For the first time, PayPal is making the demographic information of its 18,000 available to the public. CEO Dan Schulman said on Thursday (Aug. 4) that the decision to share PayPal’s employee demographics is part of the company’s ongoing mission to build an inclusive and diverse culture.
“As part of our commitment to being inclusive, we are building a work environment that reflects the world we live in and celebrates the incredible variety of experiences, capabilities, talents, backgrounds, and interests of our employees who shape our culture, build our products and services, and work every day to make moving and managing money easier, safer, and more convenient for millions of customers around the globe,” Schulman said in a blog post.
He noted that the numbers will be shared annually to establish the type of transparency that’s necessary to foster a “constructive dialogue, action and progress.”
According to the initial data, PayPal has an overall strong gender balance across its global workforce, with 56 percent male and 44 percent female employees.
“Just as important, there is no disparity at PayPal in salaries between women and men. One of our most important priorities was to ensure that people working in comparable roles are paid equally throughout the company regardless of gender,” Schulman added.
PayPal employees represent 119 nationalities, located in 56 offices across 31 countries.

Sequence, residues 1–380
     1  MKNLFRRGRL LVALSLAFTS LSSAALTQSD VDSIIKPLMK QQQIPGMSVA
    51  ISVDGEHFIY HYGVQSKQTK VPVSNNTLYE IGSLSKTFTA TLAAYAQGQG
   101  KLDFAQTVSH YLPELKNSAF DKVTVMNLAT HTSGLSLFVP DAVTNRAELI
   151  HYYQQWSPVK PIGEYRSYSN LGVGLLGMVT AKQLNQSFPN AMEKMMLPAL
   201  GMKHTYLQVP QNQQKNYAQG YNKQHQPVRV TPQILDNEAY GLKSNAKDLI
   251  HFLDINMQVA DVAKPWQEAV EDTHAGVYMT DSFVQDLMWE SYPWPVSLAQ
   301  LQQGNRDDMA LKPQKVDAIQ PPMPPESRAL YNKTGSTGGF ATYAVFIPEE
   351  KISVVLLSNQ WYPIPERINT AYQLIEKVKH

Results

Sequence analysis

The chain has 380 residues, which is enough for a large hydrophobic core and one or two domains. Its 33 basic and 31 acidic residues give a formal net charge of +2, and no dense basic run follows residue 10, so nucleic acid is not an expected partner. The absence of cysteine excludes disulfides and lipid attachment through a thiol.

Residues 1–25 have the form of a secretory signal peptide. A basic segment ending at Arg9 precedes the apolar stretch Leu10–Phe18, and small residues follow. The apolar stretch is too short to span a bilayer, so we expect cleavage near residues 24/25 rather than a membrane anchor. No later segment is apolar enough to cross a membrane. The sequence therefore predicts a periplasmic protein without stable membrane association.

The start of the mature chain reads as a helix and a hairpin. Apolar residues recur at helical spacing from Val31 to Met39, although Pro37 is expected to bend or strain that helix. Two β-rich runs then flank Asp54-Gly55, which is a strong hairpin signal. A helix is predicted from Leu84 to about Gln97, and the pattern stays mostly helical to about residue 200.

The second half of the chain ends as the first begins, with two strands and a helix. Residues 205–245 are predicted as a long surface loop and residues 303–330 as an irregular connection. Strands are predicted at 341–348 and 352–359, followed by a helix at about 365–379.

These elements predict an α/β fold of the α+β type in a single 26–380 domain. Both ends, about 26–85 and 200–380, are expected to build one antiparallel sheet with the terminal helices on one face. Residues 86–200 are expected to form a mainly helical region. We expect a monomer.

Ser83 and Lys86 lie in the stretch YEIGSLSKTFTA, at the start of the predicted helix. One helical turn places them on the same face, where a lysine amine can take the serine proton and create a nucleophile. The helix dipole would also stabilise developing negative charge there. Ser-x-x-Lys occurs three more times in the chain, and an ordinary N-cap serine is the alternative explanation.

The workforce data show that 56 percent of PayPal’s employees classify their ethnicity as white, 28 percent identify as Asian, and the remaining 16 percent are made up of those that identify as black or African American, Hispanic, two or more races and other.
Schulman explained that while PayPal’s ethic demographics are better than most tech companies, the numbers now are still short of its goal to have a workforce that “truly reflects the makeup of the communities in which we work and live.”
PayPal’s data also show that millennials make up the majority of its workforce (55 percent) while other generations come in at almost half (45 percent).
“To build on this foundation in the year ahead, I have asked senior leaders from across the company to make diversity commitments backed up by clear organizational management plans,” Schulman continued.
“In addition, we’ll seek to nurture diverse leadership talent within the company through initiatives such as expanding our mentorship program for women, and by investing in our Inclusion & Diversity communities.”